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Making a Complete Cyber Security Checklist – Understanding Your Obligations Under the GDPR

Making a Complete Cyber Security Checklist – Understanding Your Obligations Under the GDPR


When approaching subject as complex and unwieldy as cyber security, it can be hard to know where to begin. There is no point-in-time action that can be taken, no quick fix to address your cyber security challenges once and for all, so how should you approach the process of safeguarding your digital assets?


If your business processes or stores personal data of any kind, then you’ll likely be familiar with the GDPR, or the UK’s post-Brexit interpretation: The Data Protection Act 2018. But what does this extensive body of legislation say about cyber security?


The GDPR’s article 5 – ‘Principles relating to the processing of personal date’ – makes clear in what’s known as the ‘integrity and confidentiality’ principle, that organisations should protect personal data against ‘unauthorised or unlawful processing and against accidental loss, destruction or damage, using appropriate technical and organisational measures.’


The legislation repeats the phrase ‘technical and organisational measure’ many times throughout its length, without ever truly elaborating on what’s required. To help, we’ve pieced together a checklist of the key technical and organisational measures you should implement in order to satisfy this vital component of UK GDPR.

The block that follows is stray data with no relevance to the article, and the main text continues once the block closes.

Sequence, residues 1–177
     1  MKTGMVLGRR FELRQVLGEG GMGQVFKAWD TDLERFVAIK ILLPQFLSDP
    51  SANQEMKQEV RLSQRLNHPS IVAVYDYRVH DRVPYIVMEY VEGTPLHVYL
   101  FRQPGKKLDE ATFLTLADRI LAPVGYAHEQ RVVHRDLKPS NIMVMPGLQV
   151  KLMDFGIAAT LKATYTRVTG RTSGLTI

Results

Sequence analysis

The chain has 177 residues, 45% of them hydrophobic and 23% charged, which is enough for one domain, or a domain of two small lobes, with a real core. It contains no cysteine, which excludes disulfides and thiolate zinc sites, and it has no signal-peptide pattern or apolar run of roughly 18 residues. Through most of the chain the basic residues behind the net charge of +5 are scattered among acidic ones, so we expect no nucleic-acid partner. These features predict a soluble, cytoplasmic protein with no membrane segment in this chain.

But first, what is meant by ‘appropriate’ in this context?


It simply means that the measures you take should correspond with the level of risk involved and aligned with industry best practice. The GDPR is a very reasonable piece of legislation, and acknowledges the fact that data processors face practical limits to the types of controls and protections they can put in place. To determine whether a measure is ‘appropriate’ consider the following:


  • The sensitivity level of the data. ‘Special category’ data for example should be subject to more sophisticated protections.
  • The level of risk the data is subject to (quantifiable using risk assessments).
  • Industry best practice. You should aim to implement the best protections feasible rather than those simply considered acceptable.
  • Cost of implementation.


For each ‘technical and organisational’ measure you institute, a corresponding supporting document should be created containing some of the above justifications to prove compliance. In essence: demonstrate that your measure offers protection that is proportionate to the risks involved.